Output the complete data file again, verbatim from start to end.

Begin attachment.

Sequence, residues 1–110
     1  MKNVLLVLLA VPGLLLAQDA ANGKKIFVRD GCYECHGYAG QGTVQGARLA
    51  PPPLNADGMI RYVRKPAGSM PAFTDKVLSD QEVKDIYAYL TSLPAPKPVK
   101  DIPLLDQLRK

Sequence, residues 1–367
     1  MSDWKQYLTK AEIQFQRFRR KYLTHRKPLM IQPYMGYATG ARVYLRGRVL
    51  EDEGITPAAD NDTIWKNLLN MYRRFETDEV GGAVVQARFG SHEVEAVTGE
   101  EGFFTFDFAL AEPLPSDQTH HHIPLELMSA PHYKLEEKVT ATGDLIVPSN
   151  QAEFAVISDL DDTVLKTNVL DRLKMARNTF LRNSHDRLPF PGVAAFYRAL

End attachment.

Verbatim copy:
Sequence, residues 1–110
     1  MKNVLLVLLA VPGLLLAQDA ANGKKIFVRD GCYECHGYAG QGTVQGARLA
    51  PPPLNADGMI RYVRKPAGSM PAFTDKVLSD QEVKDIYAYL TSLPAPKPVK
   101  DIPLLDQLRK

Sequence, residues 1–367
     1  MSDWKQYLTK AEIQFQRFRR KYLTHRKPLM IQPYMGYATG ARVYLRGRVL
    51  EDEGITPAAD NDTIWKNLLN MYRRFETDEV GGAVVQARFG SHEVEAVTGE
   101  EGFFTFDFAL AEPLPSDQTH HHIPLELMSA PHYKLEEKVT ATGDLIVPSN
   151  QAEFAVISDL DDTVLKTNVL DRLKMARNTF LRNSHDRLPF PGVAAFYRAL